A state Senate committee has shot down legislation allowing towns to impose stricter regulations on smoking in public than what state law imposes. The bill's demise isn't a big surprise. This proposal has been floated several times in recent years without success.
Nonetheless, the margin of defeat, 6-2, was larger than many expected. We were among those supporting the bill, which enhances citizens' local control of smoking regulations. Ironically, many of the lawmakers who voted against the bill will loudly decry “one size fits all” edicts from Washington, D.C., but have done an about-face to support that approach when the dictate is handed down to all corners of the state from NE 23 and Lincoln. Critics accuse those lawmakers of hypocrisy. They have a point.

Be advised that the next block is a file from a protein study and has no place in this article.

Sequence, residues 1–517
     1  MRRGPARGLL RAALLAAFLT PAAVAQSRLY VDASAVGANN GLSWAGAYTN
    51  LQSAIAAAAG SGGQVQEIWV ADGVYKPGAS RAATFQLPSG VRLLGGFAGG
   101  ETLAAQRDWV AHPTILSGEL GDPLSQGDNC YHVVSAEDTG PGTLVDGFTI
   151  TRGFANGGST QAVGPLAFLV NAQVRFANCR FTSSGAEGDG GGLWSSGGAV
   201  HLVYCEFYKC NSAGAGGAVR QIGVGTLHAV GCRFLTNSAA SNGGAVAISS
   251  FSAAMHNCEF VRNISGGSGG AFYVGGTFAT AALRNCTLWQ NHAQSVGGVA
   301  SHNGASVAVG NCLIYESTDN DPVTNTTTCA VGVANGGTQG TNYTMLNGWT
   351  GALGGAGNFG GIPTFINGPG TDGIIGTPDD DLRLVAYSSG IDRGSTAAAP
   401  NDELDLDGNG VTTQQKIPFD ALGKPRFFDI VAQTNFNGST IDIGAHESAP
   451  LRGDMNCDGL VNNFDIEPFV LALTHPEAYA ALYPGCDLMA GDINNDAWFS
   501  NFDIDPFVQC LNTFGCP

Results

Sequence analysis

Some lawmakers with libertarian leanings argue that so long as tobacco remains a legal product (and tobacco taxes, ironically, support health spending), then it makes no sense to single out smokers for what they consider regulatory harassment. Other opponents argue increased regulation at the local level would put some businesses at a competitive disadvantage.
However, requiring smokers to limit tobacco use in public places isn't an unreasonable burden. Adults can imbibe alcohol at a restaurant but not behind the wheel of a car; limiting where you can light a cigarette is similar. And businesses in states with local control of smoking ordinances aren't floundering financially.
Still, the bill's supporters should drop their overheated “Big Tobacco” rhetoric. Business-bashing is both unwarranted and counterproductive. Ultimately, this debate isn't about sending a message to “Big Tobacco,” browbeating smokers or “punishing” anyone. It's about increasing the power of citizens at the local level.
If the voters can be trusted when they elect members of the Legislature, surely those same voters can be trusted when electing mayors and city councils to set local policy. It's that simple.